Plus the TV host and best-selling author shares her favorite family recipes.
Elaine Welteroth on designed background
Credit: On behalf of Elaine Welteroth

Elaine Welteroth, TV host and bestselling author of More Than Enough, might be five weeks postpartum, but she's as effervescent as ever when you get to meet her. Even over Zoom, she's warm and witty and happy to discuss her role in Ninja's "Recipe of Me" campaign. The goal: To use Ninja's products to honor family recipes.

As a partner in the initiative, Welteroth sees this as a great opportunity to share two of the recipes that best represent her blended African American, German and Irish heritage. These include fried cornbread fritters and smothered cabbage soup with potatoes, a favorite of her mom, who is Black and from the South, and her father, who is of German and Irish heritage. We sat down with Welteroth to talk about food and family. Here are some excerpts:

EatingWell: Your Instagram description says, "Don't be eye candy, be soul food." What does this mean to you?

Welteroth: First of all, no one has ever asked me that. That thing has been there since the beginning of time, since 2000 or whatever! I feel like it's kind of my Instagram MO if you will. There's a lot of thinking that Instagram is a platform that fosters this feeling of needing to put your prettiest picture on it, to curate your perfect life. For me it's never about the pretty picture. I always want to be sharing something that's more than a pretty picture but feels like soul food. What am I contributing to the world that is of substance, that is worthwhile, that feels good going down. And not the opposite, since so much feel likes like junk food, like snackable stuff that's nice for a second but then you feel crappy afterwards. I don't want to leave people with a crappy feeling. I want to offer something to think about, something real.

EatingWell: How did your parents meet?

Welteroth: My mom and my paternal grandmother became close through work, and that's how my dad was introduced to my mom. My Irish grandmother and my Black mother birthed out the family—their friendship, their love and connection led to my birth and this was in the '80s when interracial dating and marriage was less common than it is today. Against the odds they built a family together. They've been married for 40 years.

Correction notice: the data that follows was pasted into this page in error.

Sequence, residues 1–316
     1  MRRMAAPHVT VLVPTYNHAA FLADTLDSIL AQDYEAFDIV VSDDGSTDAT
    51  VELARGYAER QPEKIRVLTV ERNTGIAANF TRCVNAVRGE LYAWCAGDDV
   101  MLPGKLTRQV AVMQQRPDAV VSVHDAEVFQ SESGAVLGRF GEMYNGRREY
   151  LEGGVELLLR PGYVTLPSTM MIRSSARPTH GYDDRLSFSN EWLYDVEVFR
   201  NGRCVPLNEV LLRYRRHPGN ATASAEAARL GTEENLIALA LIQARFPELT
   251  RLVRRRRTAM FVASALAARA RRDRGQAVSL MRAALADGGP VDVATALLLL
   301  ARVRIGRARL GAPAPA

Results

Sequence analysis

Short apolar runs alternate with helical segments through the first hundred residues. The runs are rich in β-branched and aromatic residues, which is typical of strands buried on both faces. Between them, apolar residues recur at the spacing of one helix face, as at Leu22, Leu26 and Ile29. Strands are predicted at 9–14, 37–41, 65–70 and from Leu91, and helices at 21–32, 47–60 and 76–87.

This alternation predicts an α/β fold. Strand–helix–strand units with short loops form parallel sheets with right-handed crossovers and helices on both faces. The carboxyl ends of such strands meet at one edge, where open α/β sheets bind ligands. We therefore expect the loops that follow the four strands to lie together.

EatingWell: Does combining your African American, Irish and German heritage and cooking traditions come easily, or is it something that requires a lot of thought?

Welteroth: It requires thought. This fusion of cultures and different food traditions has been the backdrop of my childhood and my life. That's why I love the challenge that the Ninja team gave me. It's an invitation to sit with the people that mean the most to you and collect those family stories and family recipes. You get to reconnect with the traditions that are part of your upbringing. I've always felt that food is emotional, it's cultural. The pan, the pot and the campaign have become a vessel for bringing together family around food. For me, it looked like pulling out the pot and pan and getting my mom in the kitchen to help me learn how to make this recipe. Smothered cabbage is a staple in soul food tradition. And then we incorporated potatoes because that's a staple of Irish cuisine, and smoked sausage which is German-inspired. We put it all together in a pot and had this dinner party for my family for our two-year wedding anniversary. We served this to the whole family, and now we're going to share it with the world and inspire others to do the same thing.

EatingWell: What are your favorite dishes to cook?

Welteroth: This one: Smothered Cabbage Soup with Smoked Sausage & Potatoes, served with Cornbread Fritters! It's a compilation of influences. It's all boiled together in one pot and pan. It's delicious. The fritters are crispy and crunchy on the outside and fluffy in the inside. It's a dish I've been eating my whole life. This recipe is a snackable version. My mom would always make cornbread in a traditional Pyrex dish. She loved the idea of making bite-sized ones in the PossiblePan. We made a big batch of batter, we put it in the fridge, and every day we make them fresh. Within minutes you have this really delicious warm, crunchy slice of heaven that reminds me of my childhood and that you can eat with everything, from soup to collard greens and chicken.

EatingWell: If you swung open your fridge door right now, what would we see?

Welteroth: Way too many leftovers. Because I'm a new mom, we did MealTrain, so, in lieu of gifts or flowers, we asked family and friends to send us food to get us through this period. Everyone has sent us food. Now we have a backup on the train tracks. My fridge is stuffed!